Anderson v. Kentucky One Health, Inc. et al
MEMORANDUM OPINION & ORDER Signed by Senior Judge Thomas B. Russell on 9/14/2017 denying 22 Motion for TRO. cc: Counsel, pro se defendants listed on order, pro se plaintiff(KJA)
UNITED STATES DISTRICT COURT
WESTERN DISTRICT OF KENTUCKY
CIVIL ACTION NO. 3:17-cv-00359
KENTUCKY ONE HEALTH, INC., et. al.
MEMORANDUM OPINION AND ORDER
This matter is before the Court on pro se Plaintiff Artis Anderson’s (“Plaintiff”) Motion
for a Temporary Restraining Order (“TRO”). [DN 22.] For the reasons discussed below,
Plaintiff’s Motion is DENIED.
The subject of Plaintiff’s Motion is the alleged violation of “Plaintiff’s rights under
federal law and under the United States Constitution,” and the loss of guardianship of Ms. Mary
Ellen Reynolds (“Ms. Reynolds”), as well as the annulment of his marriage to her. [DN 22-2-3.]
In a 2015 proceeding in Woodford County District Court, the Cabinet for Health and Family
Services, Guardian Services Branch, (“CHFS”), was appointed as Ms. Reynolds’ guardian,
“following a jury determination that Ms. Reynolds was wholly disabled in managing her
personal affairs and financial resources.” [DN 7-33] On March 28, 2016, the Jessamine County
Family Court entered judgment in a case between Ms. Reynolds and Plaintiff, annulling the brief
marriage between them. [Id.] The pair had initially been married on May 11, 2015 in Woodford
County, Kentucky. [Id.] In annulling the marriage between Ms. Reynolds and Plaintiff, the
Jessamine County Family Court noted that Ms. Reynolds’ primary care physician, Dr. Thomas
Coburn, had serious concerns regarding Ms. Reynolds’ mental health in 2014, but that on May
11, 2015, Plaintiff and Ms. Reynolds went to the Woodford County Clerk’s Office and obtained
a marriage license. [DN 7-34.] Multiple individuals from the Clerk’s Office testified to Ms.
Reynolds’ state as “disheveled” or in “disarray.” [Id.] Thereafter, Ms. Reynolds’ mental state
was a point of constant concern, which led the Jessamine County Family Court to rule that Ms.
Reynolds lacked the capacity to effectively consent to marrying Plaintiff, and was thus a nullity.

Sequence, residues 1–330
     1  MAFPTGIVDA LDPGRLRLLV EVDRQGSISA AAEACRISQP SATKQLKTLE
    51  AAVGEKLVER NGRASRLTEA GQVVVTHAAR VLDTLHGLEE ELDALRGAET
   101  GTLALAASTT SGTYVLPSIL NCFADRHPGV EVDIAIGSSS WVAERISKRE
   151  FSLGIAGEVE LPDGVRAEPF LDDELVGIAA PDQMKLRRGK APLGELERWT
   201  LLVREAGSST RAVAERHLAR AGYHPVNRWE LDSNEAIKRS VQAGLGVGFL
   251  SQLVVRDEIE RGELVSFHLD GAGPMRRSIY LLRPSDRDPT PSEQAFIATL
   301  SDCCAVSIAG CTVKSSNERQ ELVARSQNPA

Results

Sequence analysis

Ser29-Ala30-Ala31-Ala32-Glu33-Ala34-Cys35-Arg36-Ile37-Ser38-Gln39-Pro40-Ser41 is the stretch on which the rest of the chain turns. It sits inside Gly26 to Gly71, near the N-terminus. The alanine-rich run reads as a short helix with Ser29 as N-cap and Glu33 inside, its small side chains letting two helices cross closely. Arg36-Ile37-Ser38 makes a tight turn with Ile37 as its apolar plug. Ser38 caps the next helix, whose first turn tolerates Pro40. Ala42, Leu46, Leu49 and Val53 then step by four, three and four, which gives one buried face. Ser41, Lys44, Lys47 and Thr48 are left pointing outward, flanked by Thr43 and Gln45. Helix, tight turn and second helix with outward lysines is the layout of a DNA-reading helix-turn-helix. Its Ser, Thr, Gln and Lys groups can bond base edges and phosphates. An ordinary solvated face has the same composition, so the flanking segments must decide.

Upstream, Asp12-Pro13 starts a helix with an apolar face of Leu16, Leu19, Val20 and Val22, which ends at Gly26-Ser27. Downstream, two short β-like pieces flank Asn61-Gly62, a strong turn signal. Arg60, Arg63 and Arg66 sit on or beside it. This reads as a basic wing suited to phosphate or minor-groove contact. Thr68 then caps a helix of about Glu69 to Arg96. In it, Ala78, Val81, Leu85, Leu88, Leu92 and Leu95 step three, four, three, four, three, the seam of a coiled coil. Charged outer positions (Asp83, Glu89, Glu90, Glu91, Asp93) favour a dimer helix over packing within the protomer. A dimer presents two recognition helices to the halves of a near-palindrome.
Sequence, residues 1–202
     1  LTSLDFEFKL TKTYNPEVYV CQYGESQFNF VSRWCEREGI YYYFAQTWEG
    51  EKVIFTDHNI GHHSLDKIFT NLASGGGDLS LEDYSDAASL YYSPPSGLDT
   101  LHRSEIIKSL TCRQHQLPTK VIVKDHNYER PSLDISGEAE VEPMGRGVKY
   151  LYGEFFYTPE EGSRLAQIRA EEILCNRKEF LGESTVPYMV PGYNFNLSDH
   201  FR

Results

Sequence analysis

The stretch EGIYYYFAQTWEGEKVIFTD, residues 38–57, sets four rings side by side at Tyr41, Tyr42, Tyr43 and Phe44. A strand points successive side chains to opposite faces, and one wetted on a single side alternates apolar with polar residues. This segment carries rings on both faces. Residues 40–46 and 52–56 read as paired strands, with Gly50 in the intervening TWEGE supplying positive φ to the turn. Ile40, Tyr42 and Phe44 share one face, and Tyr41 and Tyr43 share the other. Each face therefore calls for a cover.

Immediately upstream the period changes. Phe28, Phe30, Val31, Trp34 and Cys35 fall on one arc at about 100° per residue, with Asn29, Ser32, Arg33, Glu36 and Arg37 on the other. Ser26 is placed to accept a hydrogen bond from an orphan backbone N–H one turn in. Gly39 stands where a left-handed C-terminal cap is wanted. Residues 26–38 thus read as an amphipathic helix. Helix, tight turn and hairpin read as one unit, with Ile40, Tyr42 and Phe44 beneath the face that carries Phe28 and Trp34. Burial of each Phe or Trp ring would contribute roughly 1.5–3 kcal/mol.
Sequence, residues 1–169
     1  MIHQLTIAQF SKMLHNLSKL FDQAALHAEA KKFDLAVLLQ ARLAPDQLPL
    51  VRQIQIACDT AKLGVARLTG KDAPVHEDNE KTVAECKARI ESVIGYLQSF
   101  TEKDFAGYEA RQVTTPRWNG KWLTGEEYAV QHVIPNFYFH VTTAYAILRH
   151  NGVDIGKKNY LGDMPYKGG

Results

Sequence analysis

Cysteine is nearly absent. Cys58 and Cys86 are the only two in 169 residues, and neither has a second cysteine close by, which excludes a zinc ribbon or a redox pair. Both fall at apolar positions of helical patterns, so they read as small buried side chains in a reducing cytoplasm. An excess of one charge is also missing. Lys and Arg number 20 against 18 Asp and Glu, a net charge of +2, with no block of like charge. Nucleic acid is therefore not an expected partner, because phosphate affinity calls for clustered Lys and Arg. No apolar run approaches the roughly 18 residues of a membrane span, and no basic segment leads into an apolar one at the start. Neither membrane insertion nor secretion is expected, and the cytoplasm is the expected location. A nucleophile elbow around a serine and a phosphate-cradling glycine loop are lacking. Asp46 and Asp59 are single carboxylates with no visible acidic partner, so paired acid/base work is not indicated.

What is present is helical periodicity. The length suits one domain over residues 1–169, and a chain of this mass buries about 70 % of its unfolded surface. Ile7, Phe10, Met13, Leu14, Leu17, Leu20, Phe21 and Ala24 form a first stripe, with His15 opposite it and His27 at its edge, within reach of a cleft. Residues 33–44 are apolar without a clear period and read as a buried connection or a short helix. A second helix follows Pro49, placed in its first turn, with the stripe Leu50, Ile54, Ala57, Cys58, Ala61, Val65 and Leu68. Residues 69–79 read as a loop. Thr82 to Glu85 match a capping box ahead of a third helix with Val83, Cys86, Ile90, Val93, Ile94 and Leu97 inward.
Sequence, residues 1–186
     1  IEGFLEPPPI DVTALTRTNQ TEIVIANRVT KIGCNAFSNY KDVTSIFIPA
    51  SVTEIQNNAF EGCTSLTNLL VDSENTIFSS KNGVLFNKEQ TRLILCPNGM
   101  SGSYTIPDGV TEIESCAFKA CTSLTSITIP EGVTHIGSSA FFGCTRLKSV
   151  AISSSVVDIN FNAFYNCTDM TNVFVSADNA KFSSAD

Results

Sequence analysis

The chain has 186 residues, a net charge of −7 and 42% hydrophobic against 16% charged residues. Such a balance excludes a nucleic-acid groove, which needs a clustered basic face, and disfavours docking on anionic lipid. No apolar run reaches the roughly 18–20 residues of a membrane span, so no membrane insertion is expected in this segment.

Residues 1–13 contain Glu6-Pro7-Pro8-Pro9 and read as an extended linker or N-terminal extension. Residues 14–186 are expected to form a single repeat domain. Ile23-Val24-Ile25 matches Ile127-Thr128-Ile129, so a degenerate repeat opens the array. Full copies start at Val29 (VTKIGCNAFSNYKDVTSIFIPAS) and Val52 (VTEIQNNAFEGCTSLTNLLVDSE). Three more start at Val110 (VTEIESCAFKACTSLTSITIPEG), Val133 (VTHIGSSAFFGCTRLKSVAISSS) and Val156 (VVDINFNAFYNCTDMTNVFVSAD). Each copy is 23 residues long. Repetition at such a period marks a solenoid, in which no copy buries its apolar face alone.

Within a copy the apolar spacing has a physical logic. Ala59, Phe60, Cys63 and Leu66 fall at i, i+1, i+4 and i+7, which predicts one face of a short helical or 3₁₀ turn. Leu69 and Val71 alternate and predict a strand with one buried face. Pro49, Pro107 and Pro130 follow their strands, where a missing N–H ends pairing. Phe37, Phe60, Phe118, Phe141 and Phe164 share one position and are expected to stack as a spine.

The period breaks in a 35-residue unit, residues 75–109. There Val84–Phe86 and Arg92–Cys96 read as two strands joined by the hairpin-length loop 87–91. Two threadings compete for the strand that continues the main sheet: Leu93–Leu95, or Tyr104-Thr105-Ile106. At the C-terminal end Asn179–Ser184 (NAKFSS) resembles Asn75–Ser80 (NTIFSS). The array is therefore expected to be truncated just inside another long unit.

[DN 7-37.] Plaintiff vehemently contests both the transfer of guardianship to the CHFS as well
as the annulment of his marriage to Ms. Reynolds. These two issues, along with Plaintiff’s
assertions that Defendants have violated his federal statutory and Constitutional rights, comprise
the heart of his present Motion.
In determining whether to grant a temporary restraining order, courts must consider four
factors: “(1) whether the movant has a strong likelihood of success on the merits, (2) whether the
movant would suffer irreparable injury absent a [TRO], (3) whether granting the [TRO] would
cause substantial harm to others, and (4) whether the public interest would be served by granting
the [TRO].”Northeast Ohio Coalition for the Homeless v. Blackwell, 467 F.3d 999, 1009 (6th
Cir. 2006). These factors are “factors to be balanced and not prerequisites that must be satisfied.”
In re Eagle-Picher Indus., Inc., 963 F.2d 855, 859 (6th Cir. 1992) (citing In re DeLorean Motor
Co., 755 F.2d 1223, 1229 (6th Cir. 1985)). “These factors simply guide the discretion of the
court; they are not meant to be rigid and unbending requirements.” Id. (citing Friendship
Materials, Inc. v. Michigan Brick, Inc., 679 F.2d 100, 102 (6th Cir. 1982)). The district court’s
decision to grant or deny a TRO is reviewed for abuse of discretion. Ne. Ohio Coal. for
Homeless & Serv. Employees Int'l Union, Local 1199 v. Blackwell, 467 F.3d 999, 1009 (6th Cir.
2006) (citing Beacon J. Publ’g Co., Inc. v. Blackwell, 389 F.3d 683, 684 (6th Cir. 2004)).
A. Likelihood of success on the merits
The first factor, the likelihood of success on the merits, is the principal consideration for
courts when determining whether a TRO is warranted. The Sixth Circuit has noted that,
“[a]lthough no one factor is controlling, a finding that there is simply no likelihood of success on
the merits is usually fatal.” Gonzales v. Nat’l Bd. of Med. Examiners, 225 F.3d 620, 625 (6th Cir.
2000) (citing Michigan State AFL–CIO v. Miller, 103 F.3d 1240, 1249 (6th Cir. 1997) (“[A]
preliminary injunction issued where there is simply no likelihood of success on the merits must
be reversed.”)). That is precisely the situation in this case, where this Court can discern no
likelihood whatsoever that Plaintiff will succeed on the merits of his claims. To be sure, Plaintiff
has made many claims against Defendants, alleging violations of 18 U.S.C. § 1346,1 “22 U.S.C.
§ 7201(b)(8),”2 42 U.S.C. §§ 1983, 1985, violations of “at least five (5) Kentucky state
statutes,”3 and other allegations of “Medicare fraud,” “embezzlement,” “theft” and more. [See
Notwithstanding that fact, Plaintiff has not demonstrated in any filing “a strong
likelihood of success on the merits” with respect to any of those claims, which is the touchstone
of any motion for a TRO. See Brunner, 543 F.3d at 361.
For example, in ACLU Fund of Michigan v. Livingston Cnty., 796 F.3d 636, 648-49 (6th
Cir. 2015), the Sixth Circuit Court of Appeals found that the ACLU was likely to succeed on the
merits of a Fourteenth Amendment procedural due process claim because the ACLU was able to
actually show that a jail was “blocking delivery of the ACLU letters [to inmates] without
providing the ALCU or the intended recipient notice and an opportunity to contest the decision.”
18 U.S.C. § 1346 merely provides the definition of “scheme or artifice to defraud.”